Diesel fuel is spilled during renovation of a library, damaging both the work in progress and the surrounding building or land.  Damages may exceed $500,000, but the owner’s pollution coverage is apparently limited to $5,000.  Is the owner barred from pursuing the contractor and others based on the waiver of subrogation language in the contract?  The Indiana Court of Appeals focused on one issue in its analysis:1 that the waiver of subrogation applies only to claims paid relative to the “Work”, and not to other surrounding elements that were damaged.  A second issue seems to an outsider to be equally if not more important: the waiver does not apply if the insurance policy has not covered the damage. 

The focus of the recent decision is whether the contractor had preserved in prior filings its position that the damage was limited to the “Work” and thus within the waiver of subrogation.  The Indiana court followed what it characterizes as the majority position, that AIA A201 § 11.3.7 does not bar claims against the contractor for damage to “non-Work” areas.  Thus, any damage to “non-Work” areas would be outside the waiver of subrogation, and not barred by that waiver, in any event.  That is the first reminder – to be mindful of the scope of the waiver.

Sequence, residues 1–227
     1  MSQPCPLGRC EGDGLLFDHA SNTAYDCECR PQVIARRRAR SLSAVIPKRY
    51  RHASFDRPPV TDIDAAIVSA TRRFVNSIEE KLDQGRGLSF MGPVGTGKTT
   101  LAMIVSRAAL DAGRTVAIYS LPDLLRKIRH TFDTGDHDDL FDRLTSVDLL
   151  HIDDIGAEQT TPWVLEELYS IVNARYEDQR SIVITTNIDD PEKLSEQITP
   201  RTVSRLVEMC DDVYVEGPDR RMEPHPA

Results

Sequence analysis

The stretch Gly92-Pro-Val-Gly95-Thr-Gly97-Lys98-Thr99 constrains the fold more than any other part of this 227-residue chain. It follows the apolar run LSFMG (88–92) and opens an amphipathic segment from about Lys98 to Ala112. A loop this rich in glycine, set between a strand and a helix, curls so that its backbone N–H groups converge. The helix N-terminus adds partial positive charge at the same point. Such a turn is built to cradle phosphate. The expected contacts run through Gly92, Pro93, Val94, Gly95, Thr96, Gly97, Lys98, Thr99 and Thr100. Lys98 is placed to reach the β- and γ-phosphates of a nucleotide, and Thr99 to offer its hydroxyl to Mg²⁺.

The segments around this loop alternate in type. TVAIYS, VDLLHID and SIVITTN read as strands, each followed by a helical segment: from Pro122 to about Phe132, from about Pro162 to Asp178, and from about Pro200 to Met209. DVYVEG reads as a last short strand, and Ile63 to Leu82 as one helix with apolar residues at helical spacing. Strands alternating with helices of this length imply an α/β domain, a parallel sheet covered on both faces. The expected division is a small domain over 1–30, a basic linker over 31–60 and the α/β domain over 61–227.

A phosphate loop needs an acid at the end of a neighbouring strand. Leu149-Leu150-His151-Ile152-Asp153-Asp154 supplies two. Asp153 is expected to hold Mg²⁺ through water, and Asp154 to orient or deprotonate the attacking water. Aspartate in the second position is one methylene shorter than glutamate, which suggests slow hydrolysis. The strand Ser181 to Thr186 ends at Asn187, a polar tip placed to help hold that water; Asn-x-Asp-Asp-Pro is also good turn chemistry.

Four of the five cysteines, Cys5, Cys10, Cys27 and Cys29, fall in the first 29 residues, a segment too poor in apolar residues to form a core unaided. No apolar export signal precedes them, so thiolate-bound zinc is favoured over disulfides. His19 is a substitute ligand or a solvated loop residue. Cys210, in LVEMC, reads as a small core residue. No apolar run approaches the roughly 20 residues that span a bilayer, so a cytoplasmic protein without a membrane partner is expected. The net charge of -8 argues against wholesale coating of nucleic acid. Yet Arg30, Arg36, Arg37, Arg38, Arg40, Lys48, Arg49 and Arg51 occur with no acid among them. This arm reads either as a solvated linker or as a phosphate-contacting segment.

The Indiana court discusses the second point only when it cites a New York appellate decision2 supporting its position.  In the NY case, the court held that the owner had notwaived claims against the contractor if such claims were not covered by the owner’s property insurance.  That would appear to be the more important factor here.  If the owner’s insurance covers only a small portion of the damage, then a waiver that applies only “to the extent covered by property insurance” (per A201 § 11.3.7) would not extend beyond what has been covered; subrogation has been waived by the library only as to the $5,000 in damages covered by insurance.  The second reminder is that the waiver of subrogation does not come into play if the damage is not covered by insurance, when following the standard AIA waiver language.